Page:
Stefan Ljungqvist (Director of Experiment 101 Studios)

Biomutant is built around three “aspects”; a Tribe War, the world-sustaining Tree of Life, and your character’s backstory. A linear mission chain, designed specifically to provide some structure to the otherwise freeform world, forms the main storyline, and will guide players into these three facets. The open-world nature of the game, though, means you can interact with these aspects however you please, within reason.

“There are six tribes in the world,” says Ljungqvist, beginning his breakdown of these facets. “It’s kind of a Shadow of Mordor-lite thing going on. I start by allying with one leader from a tribe.”

Players’ interest in this aspect of the game, in particular, motivated the studios to enrich it. During the course of the adventure, the world will be filled with outposts, each owned by one of the six tribes. Conquer these for your chosen tribe, and you’ll begin to amass favor with your new allies. “You gradually become the tribe’s champion,” Ljungqvist explains. “You’ll be awarded the tribe’s special weapon, learn their Wung-Fu style [a special combat technique], and new shops open in respective outposts.” Some outposts even provide access to special mounts, such as the bizarre giant clockwork hand that allows you to scuttle over the landscape akin to Thing from The Addams Family.

All different tribes with distinct objectives and behaviors. This choice directly affects the end of the game, but also the path taken to reach it. While some tribes see the end of everything as a renewal, and push the universe to its destruction, others see unification as the only remedy for the evil that eats away at a world in perdition. Biomutant proposes several ends that depend both on the decisions taken at stake, but also on the hero’s past or on the survival (or not) of the Tree of Life.

The multiple purposes are directly related to the tribes and your choices as a player concerning them. (…) The war of the tribes, the Tree of Life, the hero’s past, but also your relationships with other characters affect the way the game ends.

Stefan Ljungqvist (Director of Experiment 101 Studios)

Biomutant is inspired by many video games and other works, but The Legend of Zelda: Breath of the Wild occupies a very special place. The RPG-action of Experiment 101 quotes Nintendo’s game as a reference for all matters related to exploration and the notion of freedom that comes with it. However, the developers have moved away from their initial libertarian vision to guide players through a world that is promised to be crawling with missions, quests, and other activities. Biomutant retains this freedom to roam without limits, but returns to a more classic structure. Above all, it wishes to accompany those who wish to follow the main story only without losing sight of the original vision of the project. The studios have therefore added quest markers and tutorials. It’s up to you to use them or not.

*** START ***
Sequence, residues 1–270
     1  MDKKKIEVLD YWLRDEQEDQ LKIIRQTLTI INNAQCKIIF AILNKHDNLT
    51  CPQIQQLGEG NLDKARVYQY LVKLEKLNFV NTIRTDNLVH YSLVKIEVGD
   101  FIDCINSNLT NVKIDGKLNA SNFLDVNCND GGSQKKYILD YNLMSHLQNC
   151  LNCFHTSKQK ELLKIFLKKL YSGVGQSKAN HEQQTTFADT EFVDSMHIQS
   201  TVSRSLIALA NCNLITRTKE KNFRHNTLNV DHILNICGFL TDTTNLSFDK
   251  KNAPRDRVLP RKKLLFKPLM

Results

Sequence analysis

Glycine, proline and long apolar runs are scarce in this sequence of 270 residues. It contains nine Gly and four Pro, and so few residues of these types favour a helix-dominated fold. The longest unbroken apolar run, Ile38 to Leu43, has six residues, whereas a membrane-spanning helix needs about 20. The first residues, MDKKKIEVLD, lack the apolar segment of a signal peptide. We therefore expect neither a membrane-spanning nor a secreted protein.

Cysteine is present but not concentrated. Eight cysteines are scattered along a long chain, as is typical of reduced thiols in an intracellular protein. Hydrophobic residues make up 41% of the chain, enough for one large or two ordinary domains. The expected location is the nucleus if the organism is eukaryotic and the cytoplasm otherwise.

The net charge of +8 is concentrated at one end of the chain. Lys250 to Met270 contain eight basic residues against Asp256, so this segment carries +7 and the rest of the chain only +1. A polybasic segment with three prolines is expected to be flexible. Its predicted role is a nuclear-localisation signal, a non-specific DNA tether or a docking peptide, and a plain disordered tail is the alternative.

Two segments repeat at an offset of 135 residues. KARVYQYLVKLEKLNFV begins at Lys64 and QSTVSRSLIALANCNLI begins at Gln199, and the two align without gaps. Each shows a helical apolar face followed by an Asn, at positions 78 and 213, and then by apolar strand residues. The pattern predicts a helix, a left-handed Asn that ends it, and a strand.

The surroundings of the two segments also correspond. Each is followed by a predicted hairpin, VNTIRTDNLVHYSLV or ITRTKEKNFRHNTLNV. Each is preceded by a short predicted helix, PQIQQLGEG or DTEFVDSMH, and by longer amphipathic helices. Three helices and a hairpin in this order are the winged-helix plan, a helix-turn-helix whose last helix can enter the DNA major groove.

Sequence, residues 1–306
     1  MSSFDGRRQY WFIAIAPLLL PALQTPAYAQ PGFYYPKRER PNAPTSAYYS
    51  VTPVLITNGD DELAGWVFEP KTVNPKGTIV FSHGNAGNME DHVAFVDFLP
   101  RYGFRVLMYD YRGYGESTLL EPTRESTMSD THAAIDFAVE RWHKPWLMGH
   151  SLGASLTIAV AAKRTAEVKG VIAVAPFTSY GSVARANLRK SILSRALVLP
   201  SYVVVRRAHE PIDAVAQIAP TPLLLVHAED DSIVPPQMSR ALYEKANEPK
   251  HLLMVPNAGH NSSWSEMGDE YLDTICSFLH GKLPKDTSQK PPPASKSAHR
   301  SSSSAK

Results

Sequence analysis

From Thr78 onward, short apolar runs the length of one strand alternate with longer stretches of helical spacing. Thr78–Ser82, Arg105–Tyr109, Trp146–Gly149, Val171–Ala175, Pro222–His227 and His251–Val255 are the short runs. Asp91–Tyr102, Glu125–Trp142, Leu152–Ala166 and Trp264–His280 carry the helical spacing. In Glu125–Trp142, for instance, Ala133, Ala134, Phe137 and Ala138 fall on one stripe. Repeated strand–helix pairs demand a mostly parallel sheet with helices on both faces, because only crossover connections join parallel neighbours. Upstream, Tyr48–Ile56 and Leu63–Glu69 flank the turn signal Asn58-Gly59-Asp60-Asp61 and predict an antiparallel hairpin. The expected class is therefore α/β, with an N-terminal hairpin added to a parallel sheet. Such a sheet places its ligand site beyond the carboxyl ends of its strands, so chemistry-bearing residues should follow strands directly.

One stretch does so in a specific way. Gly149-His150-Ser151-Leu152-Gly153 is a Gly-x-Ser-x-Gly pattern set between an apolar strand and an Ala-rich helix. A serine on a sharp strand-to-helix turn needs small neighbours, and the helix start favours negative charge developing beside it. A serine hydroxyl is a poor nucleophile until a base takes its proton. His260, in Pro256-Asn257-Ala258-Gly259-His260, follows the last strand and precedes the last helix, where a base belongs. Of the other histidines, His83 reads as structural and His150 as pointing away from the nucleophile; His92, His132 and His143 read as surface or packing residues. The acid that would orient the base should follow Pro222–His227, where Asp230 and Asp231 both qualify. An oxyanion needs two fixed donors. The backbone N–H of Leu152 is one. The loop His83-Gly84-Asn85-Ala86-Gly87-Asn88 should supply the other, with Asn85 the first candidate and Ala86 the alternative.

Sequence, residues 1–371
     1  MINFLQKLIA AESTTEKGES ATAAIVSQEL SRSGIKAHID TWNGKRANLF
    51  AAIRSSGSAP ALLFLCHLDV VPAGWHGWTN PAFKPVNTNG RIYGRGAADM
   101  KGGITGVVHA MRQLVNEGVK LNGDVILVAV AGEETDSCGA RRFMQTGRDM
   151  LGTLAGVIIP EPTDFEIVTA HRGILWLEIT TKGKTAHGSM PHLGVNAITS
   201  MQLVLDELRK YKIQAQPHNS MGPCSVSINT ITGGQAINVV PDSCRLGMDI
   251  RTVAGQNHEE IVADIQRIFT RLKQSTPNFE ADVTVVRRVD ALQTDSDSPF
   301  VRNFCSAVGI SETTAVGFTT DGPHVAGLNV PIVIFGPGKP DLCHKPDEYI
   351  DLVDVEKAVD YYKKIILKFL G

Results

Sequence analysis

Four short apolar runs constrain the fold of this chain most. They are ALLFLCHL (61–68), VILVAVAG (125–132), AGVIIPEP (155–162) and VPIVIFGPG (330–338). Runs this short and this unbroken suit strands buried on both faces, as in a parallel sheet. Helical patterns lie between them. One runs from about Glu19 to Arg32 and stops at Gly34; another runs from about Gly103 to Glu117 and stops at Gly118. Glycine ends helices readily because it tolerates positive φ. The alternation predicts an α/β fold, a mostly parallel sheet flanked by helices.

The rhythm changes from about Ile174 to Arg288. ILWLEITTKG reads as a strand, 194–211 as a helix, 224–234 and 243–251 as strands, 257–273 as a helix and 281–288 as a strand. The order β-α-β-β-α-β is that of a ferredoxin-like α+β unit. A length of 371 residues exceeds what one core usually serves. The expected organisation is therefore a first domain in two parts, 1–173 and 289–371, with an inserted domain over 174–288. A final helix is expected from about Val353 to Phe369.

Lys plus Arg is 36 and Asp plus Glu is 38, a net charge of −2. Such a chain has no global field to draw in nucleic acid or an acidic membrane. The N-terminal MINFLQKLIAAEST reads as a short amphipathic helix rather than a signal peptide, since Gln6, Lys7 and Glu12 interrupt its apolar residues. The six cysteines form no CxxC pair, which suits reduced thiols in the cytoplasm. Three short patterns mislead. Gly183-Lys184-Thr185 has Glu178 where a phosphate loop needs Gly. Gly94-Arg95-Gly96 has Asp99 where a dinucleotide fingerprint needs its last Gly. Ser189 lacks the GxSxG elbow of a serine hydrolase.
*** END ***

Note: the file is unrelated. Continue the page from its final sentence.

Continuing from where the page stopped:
“We tried to design a game in which we put the responsibility for discovering the world in the hands of the players, but we realized last year that too much freedom can be bad too. We changed the structure of the game to make sure that players can enjoy discovering this world and all the cool things in it. – Stefan Ljungqvist (Director of Experiment 101 Studios)”

The existence of the next-generation console’s version was also discussed during the interview without really getting definitive answers. Biomutant will indeed be released on PC, PlayStation 4, and Xbox One. As for the PlayStation 5 and Xbox Series X/S, we’ll have to wait a little longer before knowing their specific future, between simple backward compatibility, “Next Gen” updates, and dedicated versions.

The objective of the game is to be playable on current generation consoles.

Stefan Ljungqvist (Director of Experiment 101 Studios)